Don Gretzer believes the shiny, structurally complex building clad in zinc that is home to Virginia Commonwealth University’s Institute for Contemporary Art “is the kind of landmark that Richmond needed at this location.”

Gretzer and a friend were among a throng of visitors Saturday who converged on the architectural wonder at West Broad and North Belvidere streets for its grand opening. The institute, which has been slowly taking shape since 2014, has been billed as the biggest thing to happen to the Richmond art scene in years.

Crowds of people toured the three-level, 41,000-square-foot building — a work of art itself — throughout the day. The festival atmosphere was enhanced by a block party with music, food vendors and other attractions just outside along Pine Street.

“It’s at a place in the city where something needed to happen,” noted Gretzer, who’s been in Richmond for six years. “I’m taking some studio painting classes a block or two down (from the ICA), so I’ve been watching it come together. It’s been pretty neat. It fits Richmond well.”

Lesley Bruno, a spokesman for the ICA, noted that people were already lined up outside the door for the 10 a.m. opening. “They had to have a time ticket to get in today, but ticketholders came early to us.”

By the end of the day, an estimated 6,000 people had passed through the doors, Bruno said.

The $41 million center was already named one of the most anticipated buildings of 2018 by Architectural Digest. Upon entering, visitors could see why: The structure has a soaring atrium with towering ceilings, transparent glass walls, curved edges and a sweeping grand staircase.

“It’s a nice addition” to Richmond, said John Sicat of Glen Allen, who came with his wife, Nidia. “I overhead somebody say, ‘We’re going to be like a real city now.’ ”

Said Nidia: “We’ve visited museums, we’ve gone to Washington, D.C., and they have a museum up there that is similar to this. And when I came here, I was like, wow, this is like that they had back in D.C.”

The ICA provides a “nice balance” to the Virginia Museum of Fine Arts a couple of miles away, the couple said, echoing sentiments from several other visitors.

“We were just saying that we were super-impressed,” John said. “From what we heard, they’re going to really rotate the exhibits, so a few folks will be coming back, I think.”

As a noncollecting museum, the building will be the only permanent work of art there.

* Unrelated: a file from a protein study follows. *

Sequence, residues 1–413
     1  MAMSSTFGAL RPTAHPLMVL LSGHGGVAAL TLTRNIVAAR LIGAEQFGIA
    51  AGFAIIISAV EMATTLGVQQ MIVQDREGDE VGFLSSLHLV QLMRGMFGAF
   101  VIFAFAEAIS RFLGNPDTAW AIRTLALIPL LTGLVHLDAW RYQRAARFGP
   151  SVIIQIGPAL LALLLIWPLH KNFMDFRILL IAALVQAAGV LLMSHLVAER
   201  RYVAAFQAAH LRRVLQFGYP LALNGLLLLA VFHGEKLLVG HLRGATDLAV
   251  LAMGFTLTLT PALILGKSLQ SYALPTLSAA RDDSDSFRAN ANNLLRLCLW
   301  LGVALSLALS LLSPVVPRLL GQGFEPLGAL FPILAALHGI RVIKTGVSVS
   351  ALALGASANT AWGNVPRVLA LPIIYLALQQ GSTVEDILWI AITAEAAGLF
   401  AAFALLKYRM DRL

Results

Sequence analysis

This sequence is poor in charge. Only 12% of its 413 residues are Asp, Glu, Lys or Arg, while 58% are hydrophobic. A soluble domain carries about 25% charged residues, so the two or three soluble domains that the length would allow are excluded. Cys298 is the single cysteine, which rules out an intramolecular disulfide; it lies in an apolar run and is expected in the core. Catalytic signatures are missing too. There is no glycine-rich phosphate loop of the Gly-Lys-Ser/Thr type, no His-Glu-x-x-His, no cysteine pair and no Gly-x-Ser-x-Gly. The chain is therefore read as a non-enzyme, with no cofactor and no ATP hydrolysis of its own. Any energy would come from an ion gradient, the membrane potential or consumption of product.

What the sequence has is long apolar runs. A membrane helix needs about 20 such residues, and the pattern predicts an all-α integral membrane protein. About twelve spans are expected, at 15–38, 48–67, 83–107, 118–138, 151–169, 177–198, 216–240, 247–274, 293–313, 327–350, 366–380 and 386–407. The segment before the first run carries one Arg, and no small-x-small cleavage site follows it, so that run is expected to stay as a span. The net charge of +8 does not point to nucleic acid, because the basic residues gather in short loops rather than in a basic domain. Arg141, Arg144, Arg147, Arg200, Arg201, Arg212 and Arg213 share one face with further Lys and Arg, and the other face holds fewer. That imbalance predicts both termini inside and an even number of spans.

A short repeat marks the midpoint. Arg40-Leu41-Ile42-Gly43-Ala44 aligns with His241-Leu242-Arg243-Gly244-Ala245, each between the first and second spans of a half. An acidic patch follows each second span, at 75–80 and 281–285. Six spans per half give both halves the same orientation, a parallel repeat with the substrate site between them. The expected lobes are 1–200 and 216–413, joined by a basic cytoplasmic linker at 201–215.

John Stiff, his wife and son drove about a hour from their home in Prince Edward County to pay a visit, joining their daughter who lives in Richmond.

“It’s my wife’s birthday today, so she wanted to come to this,” Stiff said as he sat in the main lobby, which is treated with double-insulated glass to diffuse the noise of Broad Street. “I like the artistic look of the building. Very cool.”

He also enjoyed the opening exhibition, “Declaration,” that features more than 30 artists and roughly 70 works of art. More than a third of the pieces are making their debut at the ICA.

Eric Chamberlain from Virginia Beach came with a group of friends. He didn’t know until Friday that he would be visiting.

“Somebody that I met yesterday for the first time on a patio having lunch mentioned that they were coming here, and they said they had two extra (tickets),” he said. “And I was thinking, I don’t have anything to do, I’ll go with you guys.”

He’s glad he did.

“I like the fact that it’s not just pictures, but it’s sound, moving visuals — I would say an array of things, all our senses put together to interact, for us to take it all in.”

Bruno said it was nice that the community could finally experience the ICA.

“We’ve had lots of previews and events leading to this, but today has just been the most amazing, diverse set of people,” she said. “It exceeded my expectations as the marketing director. In every way you can think about the word diversity — age, gender, ethnicity and point of view — the people that have come through today (reflect that).”

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